Nothing is safe or sacred. At least, not when it comes to your car’s paint and the environment around it. Birds tend to use your hood as a target and rail dust can make any new car rust prematurely. From acid rain to tree sap and road tar, you could spend an hour or more every day, detailing the crud off your paint. Wax helps, but it’s not perfect either.
What is a Ceramic Coating?
There’s no denying that a ceramic coating or graphene coating would protect your car’s paint better than any wax can do. If you’ve been scared off by the exorbitant price of having a professional detailer do the job, or if you love the feeling of a job well done, why not do it yourself? Knowing how to apply a ceramic coating to your car contains more than one life skill that a proud car owner should have in their toolbox anyway.
If it’s your first time applying a ceramic coating, it’s going to be intimidating, but it doesn’t have to be. Let’s go step by step through the process to apply a nano ceramic coating that looks great and protects your finish for years.
What you’ll need
Quality products make all the difference in the finished results. Here’s what you’ll need from Ethos Car Care to get the job done.
- Ceramic Matrix or Graphene Matrix Coating. Both offer 9H hardness rating and is independently accredited plus it’s intended to last 3-5+ years.
- Defy Cleaner
- Detox Ceramic Coating Prep Spray
- Clay bar or clay mitt
- Pro Shine Ceramic Detail Spray
- Polisher and scratch removing compounds
- Microfiber cloths
- Ceramic coating applicator
Or Buy the Whole Kit Here
Step 1: Detail the exterior
The toughest part – and most time-consuming part – of applying ceramic coating isn’t the application itself but the prep. A perfectly clean, unmarked paint job is required or you’ll see every bit of dirt and every scratch preserved under the invisible coating.
If you’re applying ceramic coat to a new car, you might be thinking about skipping the prep stage. DON’T!! Even on new cars, there are bits of stuck-on dirt, rail dust, glue, and other junk. You’ll kick yourself.
Clean the exterior
Naturally, you’re starting with a washed car, but there’s soap residue and other stuff still on the paint. Begin by spraying each panel with Defy, then wiping it off with a clean microfiber cloth for a streak-free finish.
Decontaminate the paint
Run your hand over the paint. Feel those tiny bumps? That’s gunk still stuck to the paint, and a proper application requires those go too. A clay bar or a clay mitt will do miracles. Lay down a healthy mist of Pro Shine Ceramic Detail Spray, working in small areas, to act as a lubricant or you could mar the paint. Wipe the clay bar or mitt over the section to lift away the stuck-on bits. Repeat until you’ve done the whole car.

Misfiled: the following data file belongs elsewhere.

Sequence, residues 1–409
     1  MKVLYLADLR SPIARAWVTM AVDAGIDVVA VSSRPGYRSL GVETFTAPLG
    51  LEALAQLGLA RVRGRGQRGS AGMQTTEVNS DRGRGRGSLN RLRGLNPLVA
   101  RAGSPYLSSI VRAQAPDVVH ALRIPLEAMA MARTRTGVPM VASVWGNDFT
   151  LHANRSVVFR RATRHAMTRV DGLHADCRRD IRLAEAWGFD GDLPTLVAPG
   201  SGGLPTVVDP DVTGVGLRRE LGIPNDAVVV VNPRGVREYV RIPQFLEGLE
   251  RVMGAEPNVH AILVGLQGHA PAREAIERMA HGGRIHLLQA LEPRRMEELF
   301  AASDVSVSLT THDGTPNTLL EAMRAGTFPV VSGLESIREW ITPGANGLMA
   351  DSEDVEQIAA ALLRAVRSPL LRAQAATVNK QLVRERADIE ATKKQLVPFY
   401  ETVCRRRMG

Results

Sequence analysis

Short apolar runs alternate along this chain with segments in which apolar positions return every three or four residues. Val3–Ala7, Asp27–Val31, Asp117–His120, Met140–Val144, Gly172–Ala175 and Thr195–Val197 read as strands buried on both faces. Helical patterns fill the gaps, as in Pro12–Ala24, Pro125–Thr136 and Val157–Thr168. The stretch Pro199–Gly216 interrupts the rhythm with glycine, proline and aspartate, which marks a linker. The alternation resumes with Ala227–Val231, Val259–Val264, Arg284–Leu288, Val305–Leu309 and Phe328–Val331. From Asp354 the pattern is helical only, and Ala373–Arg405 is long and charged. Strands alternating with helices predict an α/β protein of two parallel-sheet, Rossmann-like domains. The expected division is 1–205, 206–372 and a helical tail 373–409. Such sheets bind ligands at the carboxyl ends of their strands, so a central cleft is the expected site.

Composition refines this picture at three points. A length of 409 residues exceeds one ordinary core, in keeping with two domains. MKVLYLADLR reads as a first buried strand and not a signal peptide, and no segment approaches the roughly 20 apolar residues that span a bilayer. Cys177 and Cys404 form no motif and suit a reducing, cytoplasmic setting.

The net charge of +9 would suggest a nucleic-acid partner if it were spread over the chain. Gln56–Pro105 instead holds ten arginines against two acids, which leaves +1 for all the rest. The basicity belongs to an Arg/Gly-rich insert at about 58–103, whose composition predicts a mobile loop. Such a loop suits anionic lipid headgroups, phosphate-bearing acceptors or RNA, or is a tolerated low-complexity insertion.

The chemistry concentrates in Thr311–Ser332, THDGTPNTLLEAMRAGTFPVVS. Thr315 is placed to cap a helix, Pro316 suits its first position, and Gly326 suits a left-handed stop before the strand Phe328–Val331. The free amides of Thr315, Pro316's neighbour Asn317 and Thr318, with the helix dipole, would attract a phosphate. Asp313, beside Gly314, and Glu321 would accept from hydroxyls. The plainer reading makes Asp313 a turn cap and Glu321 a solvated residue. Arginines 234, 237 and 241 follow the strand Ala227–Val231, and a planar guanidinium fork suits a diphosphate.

Remove scratches (If Needed)
A light polish with a finishing compound may be all you need if you’re working on a new, never-been-driven car. For used cars that have had some life experience, a thorough cut and polish will be needed to remove the swirl marks and scratches. Follow the instructions on the power polisher and products you choose.
Give it a final once-over
Get rid of any hidden moisture in panel gaps that could mess up your ceramic coating. Then, perform a final clean with Ethos Detox prep spray that strips any last contaminants, wiping it completely off with a clean microfiber cloth.
Your car should be ready to apply ceramic coating now.
Step 2: Apply the ceramic coating
The time-consuming part is done, and it’s time to lay down a glassy layer of ceramic coating. This process requires precision, and it’s best to apply it in a climate-controlled space between 65 and 75 degrees.
Shake the bottle well, then apply just a few drops of Ethos Ceramic Matrix to your applicator. Wipe it onto a smaller area, say 3’ x 3’, in straight lines that slightly overlap. You’ll feel it applying properly if the applicator glides smoothly. If it’s dragging, use a few more drops.
Right away, you’ll begin to see the “rainbow effect” as the coating bonds to the paint and begins to dry. It’ll turn hazy after between one and three minutes, with high-temp or high-humidity areas on the shorter end of the range. This is known as the flash time.
Wipe the area you’ve just applied in a circular pattern with little to no pressure, taking all the residue off the paint. Check your work with a work light or flashlight before moving on.
Repeat this process until the rest of your vehicle has been coated once. You could stop here, at one coat and you’d be admiring your mirror-like finish for a long time. But if you’re serious about trying to keep your car clean, have water droplets slip right off, and prevent sight scratches even better, then a second coating should be something you consider.
Step 3: Let it cure
It might look and feel like the ceramic coating is dry, but it hasn’t fully cured yet. In fact, you should protect it from getting wet for at least 48 hours after you wrap up the job. After two days, it’s safe to drive it and get it wet, but the ceramic coating will continue to harden for seven days or so.
Step 4: Keep it up
Although your car’s porous paint finish has been smoothed at the microscopic level and water and dirt don’t adhere like they used to, it’s going to get dirty again. Bird will continue to poop. Trees will continue to drip sap. The sun will keep beating down on it. Like oil changes for the engine, maintenance for your ceramic coating will keep it looking its best.
Washing your car with Ethos Ceramic Shampoo helps maintain the hydrophobic action that forces water to bead off, and ceramic resins fill in the surface. If your car just needs a spot clean or a touch-up, DEFY Ceramic Waterless Wash can be used safely to whisk away grease, dust, dirt and other junk.